Learning from top 5 regrets of the dying

Recently I’ve read about a nurse from Australia (Bronnie Ware) who spent many years caring for patients in the last weeks of their lives. From those conversations, she extracted a list of 5 regrets of the dying.

For me it’s both fascinating and inspiring. I think we can learn a lot from it. Why not take care of those things earlier in life so we won’t have these regrets on our death bed.

This is one of the most powerful lists that I’ve ever read. For me, it has the power to transform lives.

The below list was copied from The Guardian newspaper: Top five regrets of the dying

Here are the top five regrets of the dying, as witnessed by Ware:

  1. I wish I’d had the courage to live a life true to myself, not the life others expected of me.

“This was the most common regret of all. When people realise that their life is almost over and look back clearly on it, it is easy to see how many dreams have gone unfulfilled. Most people had not honoured even a half of their dreams and had to die knowing that it was due to choices they had made, or not made. Health brings a freedom very few realise, until they no longer have it.”

  1. I wish I hadn’t worked so hard.

“This came from every male patient that I nursed. They missed their children’s youth and their partner’s companionship. Women also spoke of this regret, but as most were from an older generation, many of the female patients had not been breadwinners. All of the men I nursed deeply regretted spending so much of their lives on the treadmill of a work existence.”

  1. I wish I’d had the courage to express my feelings.

“Many people suppressed their feelings in order to keep peace with others. As a result, they settled for a mediocre existence and never became who they were truly capable of becoming. Many developed illnesses relating to the bitterness and resentment they carried as a result.”

  1. I wish I had stayed in touch with my friends.

“Often they would not truly realise the full benefits of old friends until their dying weeks and it was not always possible to track them down. Many had become so caught up in their own lives that they had let golden friendships slip by over the years. There were many deep regrets about not giving friendships the time and effort that they deserved. Everyone misses their friends when they are dying.”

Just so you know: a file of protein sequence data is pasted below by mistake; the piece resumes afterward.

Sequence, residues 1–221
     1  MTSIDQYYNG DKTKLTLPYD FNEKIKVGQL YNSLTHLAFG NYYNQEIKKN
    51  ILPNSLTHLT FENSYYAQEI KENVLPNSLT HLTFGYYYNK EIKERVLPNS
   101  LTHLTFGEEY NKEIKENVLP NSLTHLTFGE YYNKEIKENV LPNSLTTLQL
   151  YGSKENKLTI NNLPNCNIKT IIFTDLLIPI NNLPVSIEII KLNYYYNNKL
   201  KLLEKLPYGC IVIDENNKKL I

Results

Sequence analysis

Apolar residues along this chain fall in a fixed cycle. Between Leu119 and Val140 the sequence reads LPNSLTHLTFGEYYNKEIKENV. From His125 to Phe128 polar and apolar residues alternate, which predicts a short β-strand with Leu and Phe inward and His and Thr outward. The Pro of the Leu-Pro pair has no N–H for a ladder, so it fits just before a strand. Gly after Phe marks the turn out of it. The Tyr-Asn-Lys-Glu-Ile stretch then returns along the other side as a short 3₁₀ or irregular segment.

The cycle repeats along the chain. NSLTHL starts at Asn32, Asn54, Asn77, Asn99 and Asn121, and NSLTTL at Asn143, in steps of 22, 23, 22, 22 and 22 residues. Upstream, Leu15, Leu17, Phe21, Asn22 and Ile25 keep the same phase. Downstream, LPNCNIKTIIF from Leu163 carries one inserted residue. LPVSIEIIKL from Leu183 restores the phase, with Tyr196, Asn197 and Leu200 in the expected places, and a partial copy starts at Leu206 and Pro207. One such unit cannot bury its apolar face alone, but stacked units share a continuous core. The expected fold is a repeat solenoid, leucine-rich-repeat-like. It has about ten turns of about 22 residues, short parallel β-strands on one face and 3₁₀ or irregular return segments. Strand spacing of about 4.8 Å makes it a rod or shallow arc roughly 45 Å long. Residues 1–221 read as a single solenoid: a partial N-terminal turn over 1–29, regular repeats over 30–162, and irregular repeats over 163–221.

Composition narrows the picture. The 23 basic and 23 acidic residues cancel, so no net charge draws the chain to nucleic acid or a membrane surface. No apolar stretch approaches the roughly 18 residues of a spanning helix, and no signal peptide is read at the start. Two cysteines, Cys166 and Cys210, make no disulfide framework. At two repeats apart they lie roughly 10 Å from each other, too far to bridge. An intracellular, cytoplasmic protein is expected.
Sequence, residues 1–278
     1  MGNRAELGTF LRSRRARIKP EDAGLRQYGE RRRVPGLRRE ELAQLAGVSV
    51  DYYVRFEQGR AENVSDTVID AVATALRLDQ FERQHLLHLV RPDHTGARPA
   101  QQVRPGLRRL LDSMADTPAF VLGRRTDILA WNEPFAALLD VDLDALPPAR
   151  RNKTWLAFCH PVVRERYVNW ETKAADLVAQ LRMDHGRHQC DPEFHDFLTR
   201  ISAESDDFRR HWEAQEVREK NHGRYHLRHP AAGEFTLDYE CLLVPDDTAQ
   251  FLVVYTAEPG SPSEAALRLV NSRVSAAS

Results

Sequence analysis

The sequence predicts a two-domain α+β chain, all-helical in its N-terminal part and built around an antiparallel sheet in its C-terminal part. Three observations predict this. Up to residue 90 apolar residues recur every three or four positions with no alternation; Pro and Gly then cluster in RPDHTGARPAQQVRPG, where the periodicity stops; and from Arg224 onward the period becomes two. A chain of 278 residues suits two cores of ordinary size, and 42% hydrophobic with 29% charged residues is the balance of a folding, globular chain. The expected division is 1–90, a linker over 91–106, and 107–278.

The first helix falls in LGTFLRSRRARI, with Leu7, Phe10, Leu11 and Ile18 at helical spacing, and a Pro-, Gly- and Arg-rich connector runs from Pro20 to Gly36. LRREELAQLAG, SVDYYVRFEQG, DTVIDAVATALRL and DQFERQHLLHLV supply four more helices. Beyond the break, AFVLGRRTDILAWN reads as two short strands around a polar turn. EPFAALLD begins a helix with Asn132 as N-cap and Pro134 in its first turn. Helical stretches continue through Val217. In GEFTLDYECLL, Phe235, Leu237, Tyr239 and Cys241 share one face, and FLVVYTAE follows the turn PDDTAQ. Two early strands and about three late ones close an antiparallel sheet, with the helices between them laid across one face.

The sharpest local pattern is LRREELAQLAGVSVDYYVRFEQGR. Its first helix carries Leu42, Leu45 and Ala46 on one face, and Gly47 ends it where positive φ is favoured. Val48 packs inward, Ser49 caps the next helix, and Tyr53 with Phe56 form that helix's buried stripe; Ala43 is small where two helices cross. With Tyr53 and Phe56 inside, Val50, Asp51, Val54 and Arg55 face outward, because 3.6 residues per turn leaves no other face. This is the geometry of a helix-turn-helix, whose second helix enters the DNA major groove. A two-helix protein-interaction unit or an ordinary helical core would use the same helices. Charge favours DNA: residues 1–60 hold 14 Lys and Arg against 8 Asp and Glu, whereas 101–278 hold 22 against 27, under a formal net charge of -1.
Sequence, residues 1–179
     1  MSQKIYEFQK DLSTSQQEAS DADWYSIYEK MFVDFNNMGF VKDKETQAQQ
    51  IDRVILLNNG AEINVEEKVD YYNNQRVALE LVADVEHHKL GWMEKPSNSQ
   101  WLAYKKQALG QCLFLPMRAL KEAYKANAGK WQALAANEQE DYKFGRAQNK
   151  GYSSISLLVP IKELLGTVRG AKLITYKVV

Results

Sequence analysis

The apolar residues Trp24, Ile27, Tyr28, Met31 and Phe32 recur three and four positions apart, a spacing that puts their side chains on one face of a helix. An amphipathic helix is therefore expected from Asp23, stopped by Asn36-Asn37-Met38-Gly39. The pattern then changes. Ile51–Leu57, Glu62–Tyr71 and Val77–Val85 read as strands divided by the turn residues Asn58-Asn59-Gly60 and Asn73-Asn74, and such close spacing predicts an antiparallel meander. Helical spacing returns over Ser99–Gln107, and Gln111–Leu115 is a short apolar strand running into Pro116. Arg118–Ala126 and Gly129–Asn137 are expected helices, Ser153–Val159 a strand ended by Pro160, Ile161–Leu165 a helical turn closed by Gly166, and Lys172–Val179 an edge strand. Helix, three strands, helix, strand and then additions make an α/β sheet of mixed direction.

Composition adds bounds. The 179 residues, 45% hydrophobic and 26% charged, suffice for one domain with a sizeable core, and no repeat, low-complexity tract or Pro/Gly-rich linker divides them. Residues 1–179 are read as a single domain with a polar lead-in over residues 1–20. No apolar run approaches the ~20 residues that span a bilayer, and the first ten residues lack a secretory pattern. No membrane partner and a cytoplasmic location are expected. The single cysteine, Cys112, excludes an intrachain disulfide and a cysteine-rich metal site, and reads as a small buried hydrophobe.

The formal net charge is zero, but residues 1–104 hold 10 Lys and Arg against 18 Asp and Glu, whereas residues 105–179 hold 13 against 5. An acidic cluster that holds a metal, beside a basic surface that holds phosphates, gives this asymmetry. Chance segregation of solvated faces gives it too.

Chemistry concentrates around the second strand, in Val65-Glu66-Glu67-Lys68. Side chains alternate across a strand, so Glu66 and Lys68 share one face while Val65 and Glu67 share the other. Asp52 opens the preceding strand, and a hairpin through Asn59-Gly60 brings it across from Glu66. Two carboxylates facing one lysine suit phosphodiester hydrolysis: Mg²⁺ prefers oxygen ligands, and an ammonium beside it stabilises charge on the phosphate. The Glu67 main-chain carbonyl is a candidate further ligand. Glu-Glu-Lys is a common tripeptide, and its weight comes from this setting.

1. I wish that I had let myself be happier.

“This is a surprisingly common one. Many did not realise until the end that happiness is a choice. They had stayed stuck in old patterns and habits. The so-called ‘comfort’ of familiarity overflowed into their emotions, as well as their physical lives. Fear of change had them pretending to others, and to their selves, that they were content, when deep within, they longed to laugh properly and have silliness in their life again.”

I can say that I’m on the right track with regrets one and two. I’m working pretty hard on number 3 and 5, but really falling behind on number 4. I wish I had better connections and made more of an effort with people I care about, i.e. my friends and my family. Thankfully I have time to change it.

For the summer, we left our motorcycle in Georgia and came to the UK and Poland to meet our families and friends. We had an amazing time with our nieces, stayed with my parents, met with some good friends and renewed old friendships. It’s hard to stay in touch while travelling but we are trying. Luckily there’s Skype so at least we can speak and see each other once in a while.

And what about you? What regrets would you have if you were dying today?

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